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Water Science & Technology—WST Vol 59 No 1 pp 9–14 © IWA Publishing 2009 doi:10.2166/wst.2009.739

Investigation of river eutrophication as part of a low dissolved oxygen total maximum daily load implementation

William Stringfellow, Joel Herr, Gary Litton, Mark Brunell, Sharon Borglin, Jeremy Hanlon, Carl Chen, Justin Graham, Remie Burks, Randy Dahlgren, Carol Kendall, Russ Brown and Nigel Quinn

Environmental Engineering Research Program, University of the Pacific, School of Engineering & Computer Sciences, Sears Hall, 3601 Pacific Ave, Stockton, CA, 95211, USA E-mail: wstringfellow@lbl.gov
Ecology Department, Earth Sciences Division, Lawrence Berkeley National Laboratory, Berkeley, CA, USA
Systech Engineering, Inc., 3180 Crow Canyon Place, San Ramon, CA, 94583, USA
Department of Land, Air and Water Resources, University of California, Davis, CA, 95616, USA
U.S. Geological Survey, MS 434, Menlo Park, CA, 94025, USA
Jones & Stokes, 2600 V Street, Sacramento, CA, 95818, USA


In the United States, environmentally impaired rivers are subject to regulation under total maximum daily load (TMDL) regulations that specify watershed wide water quality standards. In California, the setting of TMDL standards is accompanied by the development of scientific and management plans directed at achieving specific water quality objectives. The San Joaquin River (SJR) in the Central Valley of California now has a TMDL for dissolved oxygen (DO). Low DO conditions in the SJR are caused in part by excessive phytoplankton growth (eutrophication) in the shallow, upstream portion of the river that create oxygen demand in the deeper estuary. This paper reports on scientific studies that were conducted to develop a mass balance on nutrients and phytoplankton in the SJR. A mass balance model was developed using WARMF, a model specifically designed for use in TMDL management applications. It was demonstrated that phytoplankton biomass accumulates rapidly in a 88 km reach where plankton from small, slow moving tributaries are diluted and combined with fresh nutrient inputs in faster moving water. The SJR-WARMF model was demonstrated to accurately predict phytoplankton growth in the SJR. Model results suggest that modest reductions in nutrients alone will not limit algal biomass accumulation, but that combined strategies of nutrient reduction and algal control in tributaries may have benefit. The SJR-WARMF model provides stakeholders a practical, scientific tool for setting remediation priorities on a watershed scale.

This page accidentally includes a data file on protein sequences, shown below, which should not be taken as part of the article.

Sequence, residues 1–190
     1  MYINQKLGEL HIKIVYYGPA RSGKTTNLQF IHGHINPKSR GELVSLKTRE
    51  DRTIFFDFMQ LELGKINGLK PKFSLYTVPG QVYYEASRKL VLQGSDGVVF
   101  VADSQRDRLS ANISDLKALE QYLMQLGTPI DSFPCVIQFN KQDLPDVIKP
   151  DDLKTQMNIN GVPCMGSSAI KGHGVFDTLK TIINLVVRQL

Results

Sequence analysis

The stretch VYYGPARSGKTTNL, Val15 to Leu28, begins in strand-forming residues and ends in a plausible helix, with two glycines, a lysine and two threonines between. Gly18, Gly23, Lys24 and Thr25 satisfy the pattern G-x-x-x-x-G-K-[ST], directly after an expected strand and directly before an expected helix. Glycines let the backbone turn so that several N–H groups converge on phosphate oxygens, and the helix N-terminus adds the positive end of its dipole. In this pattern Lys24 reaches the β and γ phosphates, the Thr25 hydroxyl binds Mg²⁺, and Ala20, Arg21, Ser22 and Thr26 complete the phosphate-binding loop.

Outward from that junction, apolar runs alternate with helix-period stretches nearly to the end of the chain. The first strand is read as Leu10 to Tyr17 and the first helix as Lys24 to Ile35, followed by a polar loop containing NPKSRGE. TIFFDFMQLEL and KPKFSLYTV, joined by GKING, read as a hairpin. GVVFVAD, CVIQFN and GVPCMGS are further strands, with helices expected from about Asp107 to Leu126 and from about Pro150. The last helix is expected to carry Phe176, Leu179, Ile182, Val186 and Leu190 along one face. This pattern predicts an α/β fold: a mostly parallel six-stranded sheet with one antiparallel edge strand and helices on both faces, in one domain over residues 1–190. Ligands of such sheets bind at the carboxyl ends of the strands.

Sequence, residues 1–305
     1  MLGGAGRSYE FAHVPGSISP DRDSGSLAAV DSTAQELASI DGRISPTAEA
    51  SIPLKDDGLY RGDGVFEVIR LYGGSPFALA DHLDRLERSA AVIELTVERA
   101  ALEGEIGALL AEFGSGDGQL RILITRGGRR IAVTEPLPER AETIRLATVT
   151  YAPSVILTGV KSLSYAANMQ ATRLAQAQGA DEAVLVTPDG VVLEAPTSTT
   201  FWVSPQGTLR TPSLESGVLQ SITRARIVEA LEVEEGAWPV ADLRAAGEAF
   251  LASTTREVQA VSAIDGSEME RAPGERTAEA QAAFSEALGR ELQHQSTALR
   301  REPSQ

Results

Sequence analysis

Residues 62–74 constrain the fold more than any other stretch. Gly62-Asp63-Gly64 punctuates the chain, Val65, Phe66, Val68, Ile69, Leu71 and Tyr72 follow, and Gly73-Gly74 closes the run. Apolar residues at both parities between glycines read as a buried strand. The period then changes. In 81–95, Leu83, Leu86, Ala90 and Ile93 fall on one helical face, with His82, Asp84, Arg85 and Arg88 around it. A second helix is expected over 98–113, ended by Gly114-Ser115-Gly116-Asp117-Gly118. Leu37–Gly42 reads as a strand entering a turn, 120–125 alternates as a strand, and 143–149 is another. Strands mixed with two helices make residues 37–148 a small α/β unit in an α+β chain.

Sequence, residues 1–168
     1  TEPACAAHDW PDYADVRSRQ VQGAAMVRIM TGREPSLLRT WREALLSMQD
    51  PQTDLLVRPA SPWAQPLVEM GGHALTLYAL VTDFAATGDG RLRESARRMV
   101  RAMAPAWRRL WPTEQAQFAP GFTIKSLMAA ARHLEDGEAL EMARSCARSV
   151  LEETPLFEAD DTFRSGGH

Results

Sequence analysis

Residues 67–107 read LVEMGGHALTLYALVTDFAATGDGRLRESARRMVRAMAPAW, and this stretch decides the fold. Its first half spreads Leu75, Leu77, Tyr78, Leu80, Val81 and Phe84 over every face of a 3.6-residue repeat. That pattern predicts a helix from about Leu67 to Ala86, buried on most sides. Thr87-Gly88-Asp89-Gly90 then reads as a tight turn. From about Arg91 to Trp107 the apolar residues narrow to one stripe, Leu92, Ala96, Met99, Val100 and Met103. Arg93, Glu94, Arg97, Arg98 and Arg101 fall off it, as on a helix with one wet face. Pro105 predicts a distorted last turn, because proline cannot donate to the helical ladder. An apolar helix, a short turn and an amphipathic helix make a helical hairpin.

Keywords: algae; central valley; dissolved oxygen; eutrophication; lowland river; phytoplankton; TMDL

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